Japan’s 10-Year Yield Falls to Lowest Since 2003 on BOJ

Japan’s 10-year note yield dropped to the lowest since 2003 after the central bank unexpectedly increased its asset-purchase program for a third time this year.

The five-year rate also fell to levels unseen since June 2003 after the Bank of Japan (8301) expanded its asset-purchase fund to 45 trillion yen ($564 billion) from 40 trillion yen. Seven of 17 economists surveyed by Bloomberg News predicted monetary easing. The BOJ said it would increase purchases of treasury bills and remove the minimum bidding yield for the securities.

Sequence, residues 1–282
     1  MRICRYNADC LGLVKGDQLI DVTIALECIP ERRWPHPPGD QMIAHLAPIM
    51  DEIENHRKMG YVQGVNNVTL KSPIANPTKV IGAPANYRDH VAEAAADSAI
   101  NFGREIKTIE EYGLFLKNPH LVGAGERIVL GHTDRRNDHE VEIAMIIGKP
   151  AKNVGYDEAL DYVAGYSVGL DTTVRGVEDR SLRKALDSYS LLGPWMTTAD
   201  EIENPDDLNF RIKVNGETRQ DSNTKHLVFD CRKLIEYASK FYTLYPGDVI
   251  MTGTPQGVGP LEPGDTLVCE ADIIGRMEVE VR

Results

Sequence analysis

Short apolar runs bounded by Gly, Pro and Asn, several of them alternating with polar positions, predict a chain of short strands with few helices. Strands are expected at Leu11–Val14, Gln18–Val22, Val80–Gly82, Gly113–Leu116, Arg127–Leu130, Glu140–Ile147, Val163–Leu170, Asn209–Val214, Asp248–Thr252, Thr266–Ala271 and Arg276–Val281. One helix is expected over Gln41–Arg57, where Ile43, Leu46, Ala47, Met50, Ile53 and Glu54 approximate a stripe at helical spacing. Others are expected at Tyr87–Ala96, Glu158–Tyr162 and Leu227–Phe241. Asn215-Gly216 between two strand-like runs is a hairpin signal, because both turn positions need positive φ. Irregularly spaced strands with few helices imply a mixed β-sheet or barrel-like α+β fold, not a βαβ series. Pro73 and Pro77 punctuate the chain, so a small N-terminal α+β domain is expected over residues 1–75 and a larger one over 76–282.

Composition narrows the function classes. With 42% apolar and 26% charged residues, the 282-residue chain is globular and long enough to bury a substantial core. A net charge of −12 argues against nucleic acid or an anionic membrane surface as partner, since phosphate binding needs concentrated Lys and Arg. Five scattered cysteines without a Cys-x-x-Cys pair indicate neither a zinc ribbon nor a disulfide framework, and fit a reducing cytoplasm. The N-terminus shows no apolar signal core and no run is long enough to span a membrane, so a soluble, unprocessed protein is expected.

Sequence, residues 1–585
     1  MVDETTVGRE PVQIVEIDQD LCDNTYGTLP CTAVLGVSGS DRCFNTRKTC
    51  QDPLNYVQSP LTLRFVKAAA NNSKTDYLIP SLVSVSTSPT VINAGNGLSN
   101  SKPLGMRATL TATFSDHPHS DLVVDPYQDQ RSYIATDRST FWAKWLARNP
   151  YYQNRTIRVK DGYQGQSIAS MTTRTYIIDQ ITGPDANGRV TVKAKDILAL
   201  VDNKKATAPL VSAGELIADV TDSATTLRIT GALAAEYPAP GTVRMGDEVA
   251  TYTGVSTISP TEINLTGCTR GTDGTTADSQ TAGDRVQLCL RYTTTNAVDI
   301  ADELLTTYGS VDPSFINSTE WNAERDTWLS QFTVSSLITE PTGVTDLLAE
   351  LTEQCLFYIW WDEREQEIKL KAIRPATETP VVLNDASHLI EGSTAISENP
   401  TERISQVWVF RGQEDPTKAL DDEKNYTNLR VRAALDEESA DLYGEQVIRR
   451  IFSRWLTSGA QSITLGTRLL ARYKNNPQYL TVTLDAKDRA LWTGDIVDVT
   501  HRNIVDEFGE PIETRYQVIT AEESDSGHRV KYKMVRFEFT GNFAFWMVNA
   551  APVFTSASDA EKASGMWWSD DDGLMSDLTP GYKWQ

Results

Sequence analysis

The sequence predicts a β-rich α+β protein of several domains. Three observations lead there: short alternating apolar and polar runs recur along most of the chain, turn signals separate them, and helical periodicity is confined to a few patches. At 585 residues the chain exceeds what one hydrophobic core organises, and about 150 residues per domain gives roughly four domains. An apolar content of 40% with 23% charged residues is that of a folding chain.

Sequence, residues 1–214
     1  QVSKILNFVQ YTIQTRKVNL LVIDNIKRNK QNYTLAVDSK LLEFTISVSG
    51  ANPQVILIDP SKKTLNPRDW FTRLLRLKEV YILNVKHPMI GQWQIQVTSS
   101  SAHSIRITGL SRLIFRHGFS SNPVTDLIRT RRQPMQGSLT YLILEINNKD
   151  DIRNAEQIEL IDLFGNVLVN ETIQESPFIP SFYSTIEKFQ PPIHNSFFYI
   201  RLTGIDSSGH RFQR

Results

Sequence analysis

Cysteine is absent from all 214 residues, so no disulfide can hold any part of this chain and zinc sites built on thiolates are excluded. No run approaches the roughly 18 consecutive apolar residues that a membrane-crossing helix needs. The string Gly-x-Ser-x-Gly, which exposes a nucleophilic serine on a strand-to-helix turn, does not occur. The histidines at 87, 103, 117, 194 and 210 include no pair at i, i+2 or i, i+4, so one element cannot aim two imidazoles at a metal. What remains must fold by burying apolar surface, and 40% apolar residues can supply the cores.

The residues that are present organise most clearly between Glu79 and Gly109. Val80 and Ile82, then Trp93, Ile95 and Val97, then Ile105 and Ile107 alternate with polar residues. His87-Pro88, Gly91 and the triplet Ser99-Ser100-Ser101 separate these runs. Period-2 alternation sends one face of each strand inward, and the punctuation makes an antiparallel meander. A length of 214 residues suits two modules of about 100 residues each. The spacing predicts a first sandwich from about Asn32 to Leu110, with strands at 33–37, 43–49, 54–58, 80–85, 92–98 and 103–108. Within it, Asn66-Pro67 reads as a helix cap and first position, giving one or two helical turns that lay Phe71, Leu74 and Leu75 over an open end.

“Cutting the bidding yield to zero means that the BOJ is going to buy as many bills as it can from financial companies,” said Kazuhiko Sano, the chief strategist at Tokai Tokyo Securities Co., one of 25 primary dealers obliged to bid at government debt sales. “It’s a positive for short-term notes. Because of the unexpected step, bonds are being bought.”

The benchmark 10-year yield fell two basis points to 0.765 percent as of 4:32 p.m. in Tokyo, according to Japan Bond Trading Co., the nation’s largest interdealer debt broker. It was the lowest level since June 2003. The five-year rate declined one basis point to 0.175 percent.

To contact the reporter on this story: Yumi Ikeda in Tokyo at yikeda4@bloomberg.net

To contact the editor responsible for this story: Rocky Swift at rswift5@bloomberg.net

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